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Mayo Clinic poised for exemption from nurses bill

The Nurses at the Bedside Act was pulled from the state's wider health finance bill Thursday and was taken up by a conference committee to try to push it forward.

ST PAUL, Minn. — Editor's note: The video above first aired on KARE 11 on May 15, 2023.

After weeks of back and forth between Minnesota's nurses and health systems, Rochester's Mayo Clinic is now all but exempt from a bill aiming to improve nurse staffing levels and retention. 

Late Thursday afternoon, the Nurses at the Bedside Act was pulled from the state's larger health finance bill and taken up by a conference committee to try and push the exemption forward.

In a press conference following the move, Sen. Erin Murphy, a St. Paul Democrat and lead author of the bill's Senate version, said it was important to pull it from the wider health bill to give it a better chance of passing before the session ends Monday.

“This intention of this legislation is to make sure nurses want to safely practice in our hospitals," Murphy said. "They are saying with their words and with their feet that it feels unsafe to practice now, and meet the standards of licensure and our own professional standards in caring for patients.”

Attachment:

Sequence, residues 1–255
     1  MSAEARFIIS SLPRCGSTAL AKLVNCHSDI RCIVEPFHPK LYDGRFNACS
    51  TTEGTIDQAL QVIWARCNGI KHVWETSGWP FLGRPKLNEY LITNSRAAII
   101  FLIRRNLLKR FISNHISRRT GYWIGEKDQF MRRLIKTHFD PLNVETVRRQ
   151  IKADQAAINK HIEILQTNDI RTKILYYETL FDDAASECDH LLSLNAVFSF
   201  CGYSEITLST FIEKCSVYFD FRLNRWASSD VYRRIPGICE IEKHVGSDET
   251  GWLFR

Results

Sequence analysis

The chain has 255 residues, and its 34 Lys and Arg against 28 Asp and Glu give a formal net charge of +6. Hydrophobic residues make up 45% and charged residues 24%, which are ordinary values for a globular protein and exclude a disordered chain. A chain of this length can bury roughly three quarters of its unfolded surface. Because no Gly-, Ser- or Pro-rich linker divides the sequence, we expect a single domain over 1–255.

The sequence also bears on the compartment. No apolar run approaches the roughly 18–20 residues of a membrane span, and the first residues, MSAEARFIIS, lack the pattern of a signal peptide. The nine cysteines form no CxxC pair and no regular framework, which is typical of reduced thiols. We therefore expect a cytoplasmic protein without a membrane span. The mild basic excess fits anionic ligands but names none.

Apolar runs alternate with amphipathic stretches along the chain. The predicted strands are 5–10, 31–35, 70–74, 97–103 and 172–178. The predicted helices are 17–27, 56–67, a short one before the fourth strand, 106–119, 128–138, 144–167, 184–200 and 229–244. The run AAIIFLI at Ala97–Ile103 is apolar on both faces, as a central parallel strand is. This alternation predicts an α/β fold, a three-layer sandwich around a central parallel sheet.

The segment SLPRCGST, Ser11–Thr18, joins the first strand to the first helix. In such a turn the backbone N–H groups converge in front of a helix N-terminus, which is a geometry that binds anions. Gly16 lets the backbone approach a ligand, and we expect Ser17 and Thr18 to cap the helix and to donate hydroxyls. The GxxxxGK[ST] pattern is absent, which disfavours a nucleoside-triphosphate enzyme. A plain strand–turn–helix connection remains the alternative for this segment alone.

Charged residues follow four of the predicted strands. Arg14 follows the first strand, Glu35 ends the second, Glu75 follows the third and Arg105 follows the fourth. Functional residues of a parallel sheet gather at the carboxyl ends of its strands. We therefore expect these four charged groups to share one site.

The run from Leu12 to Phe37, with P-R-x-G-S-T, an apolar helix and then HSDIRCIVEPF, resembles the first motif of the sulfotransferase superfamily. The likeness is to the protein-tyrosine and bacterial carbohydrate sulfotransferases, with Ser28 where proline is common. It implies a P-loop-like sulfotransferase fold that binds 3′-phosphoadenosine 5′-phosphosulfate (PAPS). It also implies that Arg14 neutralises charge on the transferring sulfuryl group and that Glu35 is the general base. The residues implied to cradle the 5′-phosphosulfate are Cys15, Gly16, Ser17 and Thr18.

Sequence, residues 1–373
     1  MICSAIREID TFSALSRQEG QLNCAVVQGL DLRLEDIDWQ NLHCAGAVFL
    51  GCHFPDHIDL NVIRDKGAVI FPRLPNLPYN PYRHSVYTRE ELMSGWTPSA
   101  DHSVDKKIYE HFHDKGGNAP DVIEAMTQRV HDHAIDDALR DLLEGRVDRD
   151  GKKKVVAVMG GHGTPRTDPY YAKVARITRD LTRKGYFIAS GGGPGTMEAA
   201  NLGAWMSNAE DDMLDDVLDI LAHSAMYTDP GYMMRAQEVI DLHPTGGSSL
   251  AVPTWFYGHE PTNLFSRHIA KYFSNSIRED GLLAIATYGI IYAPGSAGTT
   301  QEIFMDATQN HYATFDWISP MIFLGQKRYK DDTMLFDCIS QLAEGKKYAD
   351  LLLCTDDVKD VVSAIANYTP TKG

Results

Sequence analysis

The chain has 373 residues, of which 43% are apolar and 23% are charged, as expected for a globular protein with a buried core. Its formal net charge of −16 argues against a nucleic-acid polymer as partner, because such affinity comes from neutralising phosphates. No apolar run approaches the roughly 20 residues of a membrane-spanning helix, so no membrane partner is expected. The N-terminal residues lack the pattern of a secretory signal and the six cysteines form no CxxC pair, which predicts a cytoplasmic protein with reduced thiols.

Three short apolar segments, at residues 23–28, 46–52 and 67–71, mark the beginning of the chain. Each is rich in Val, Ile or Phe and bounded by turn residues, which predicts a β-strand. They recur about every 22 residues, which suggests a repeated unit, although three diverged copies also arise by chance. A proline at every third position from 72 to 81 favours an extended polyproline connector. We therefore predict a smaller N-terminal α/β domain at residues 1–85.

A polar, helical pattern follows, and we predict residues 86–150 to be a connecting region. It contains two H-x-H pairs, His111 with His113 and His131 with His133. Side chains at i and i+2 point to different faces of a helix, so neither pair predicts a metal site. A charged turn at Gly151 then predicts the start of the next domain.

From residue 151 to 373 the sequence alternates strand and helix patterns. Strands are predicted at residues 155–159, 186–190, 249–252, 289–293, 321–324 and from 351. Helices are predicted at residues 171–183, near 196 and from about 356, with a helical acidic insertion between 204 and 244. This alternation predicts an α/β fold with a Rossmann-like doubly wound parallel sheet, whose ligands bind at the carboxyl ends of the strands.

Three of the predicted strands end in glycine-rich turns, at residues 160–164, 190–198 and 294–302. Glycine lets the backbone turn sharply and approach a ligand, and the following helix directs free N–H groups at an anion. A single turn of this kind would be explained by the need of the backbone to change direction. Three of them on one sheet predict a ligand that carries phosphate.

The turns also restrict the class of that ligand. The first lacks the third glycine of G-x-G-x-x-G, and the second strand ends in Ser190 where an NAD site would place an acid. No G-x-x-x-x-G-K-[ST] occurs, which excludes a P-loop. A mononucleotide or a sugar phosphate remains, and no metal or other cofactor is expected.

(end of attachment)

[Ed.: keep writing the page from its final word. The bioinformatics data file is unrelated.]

Rep. Sandra Feist, a New Brighton Democrat who is the lead author of the House version, said supporters went out of their way to make sure the bill reflected the voices of health care industry experts.

“This is a practical, workable, easily implementable bill. This is a streamlined bill, this is a very thoughtful bill and this bill deserves to pass into law — and these nurses deserve our support.”

The lawmakers were then asked why they agreed to a Mayo Clinic carveout that they opposed initially, saying it was clear to them that Gov. Tim Walz wouldn’t sign the bill without the exception, and this was the only way to make it happen this year.

“It’s crystal clear that the governor has said that he wants to make sure, and he’s making a judgment from his perspective as the governor, that it is better for Mayo to be carved out of this provision,” Murphy explained. “I don’t agree but I want, for the 90 percent of the hospitals that are going to benefit from this legislation, I want us to proceed.”